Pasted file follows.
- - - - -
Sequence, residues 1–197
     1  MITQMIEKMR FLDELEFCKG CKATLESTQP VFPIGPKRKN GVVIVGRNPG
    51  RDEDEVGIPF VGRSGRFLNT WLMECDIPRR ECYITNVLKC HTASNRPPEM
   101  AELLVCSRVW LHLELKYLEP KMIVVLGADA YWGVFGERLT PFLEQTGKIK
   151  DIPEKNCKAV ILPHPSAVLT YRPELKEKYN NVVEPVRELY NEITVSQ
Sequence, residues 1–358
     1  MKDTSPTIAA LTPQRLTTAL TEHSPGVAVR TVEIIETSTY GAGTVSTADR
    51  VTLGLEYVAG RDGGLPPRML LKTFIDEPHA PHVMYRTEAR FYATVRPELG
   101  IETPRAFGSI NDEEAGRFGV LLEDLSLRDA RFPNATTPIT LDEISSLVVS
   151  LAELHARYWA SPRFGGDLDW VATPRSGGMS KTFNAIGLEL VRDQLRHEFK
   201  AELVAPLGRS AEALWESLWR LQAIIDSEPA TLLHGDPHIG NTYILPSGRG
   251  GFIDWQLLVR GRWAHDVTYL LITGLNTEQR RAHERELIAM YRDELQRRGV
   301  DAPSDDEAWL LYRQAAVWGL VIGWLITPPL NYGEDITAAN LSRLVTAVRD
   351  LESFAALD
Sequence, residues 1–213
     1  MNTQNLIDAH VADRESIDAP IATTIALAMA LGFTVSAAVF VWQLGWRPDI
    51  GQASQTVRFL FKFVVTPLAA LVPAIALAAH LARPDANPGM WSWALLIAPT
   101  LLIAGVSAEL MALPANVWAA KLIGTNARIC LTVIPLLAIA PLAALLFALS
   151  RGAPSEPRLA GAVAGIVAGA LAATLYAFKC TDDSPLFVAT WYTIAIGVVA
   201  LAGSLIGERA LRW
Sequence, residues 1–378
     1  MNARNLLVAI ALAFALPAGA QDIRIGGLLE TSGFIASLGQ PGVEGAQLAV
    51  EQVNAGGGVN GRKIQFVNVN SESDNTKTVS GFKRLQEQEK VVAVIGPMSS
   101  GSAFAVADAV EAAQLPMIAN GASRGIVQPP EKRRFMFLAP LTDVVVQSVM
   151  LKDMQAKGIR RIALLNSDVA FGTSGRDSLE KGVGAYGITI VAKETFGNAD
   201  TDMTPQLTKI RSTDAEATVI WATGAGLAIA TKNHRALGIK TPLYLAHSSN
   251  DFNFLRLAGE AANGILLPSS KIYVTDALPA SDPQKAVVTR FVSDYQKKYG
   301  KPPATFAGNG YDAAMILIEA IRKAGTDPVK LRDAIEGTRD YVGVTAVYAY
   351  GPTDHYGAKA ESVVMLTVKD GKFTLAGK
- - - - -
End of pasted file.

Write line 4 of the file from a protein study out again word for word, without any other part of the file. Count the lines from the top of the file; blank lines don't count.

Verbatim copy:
   101  AELLVCSRVW LHLELKYLEP KMIVVLGADA YWGVFGERLT PFLEQTGKIK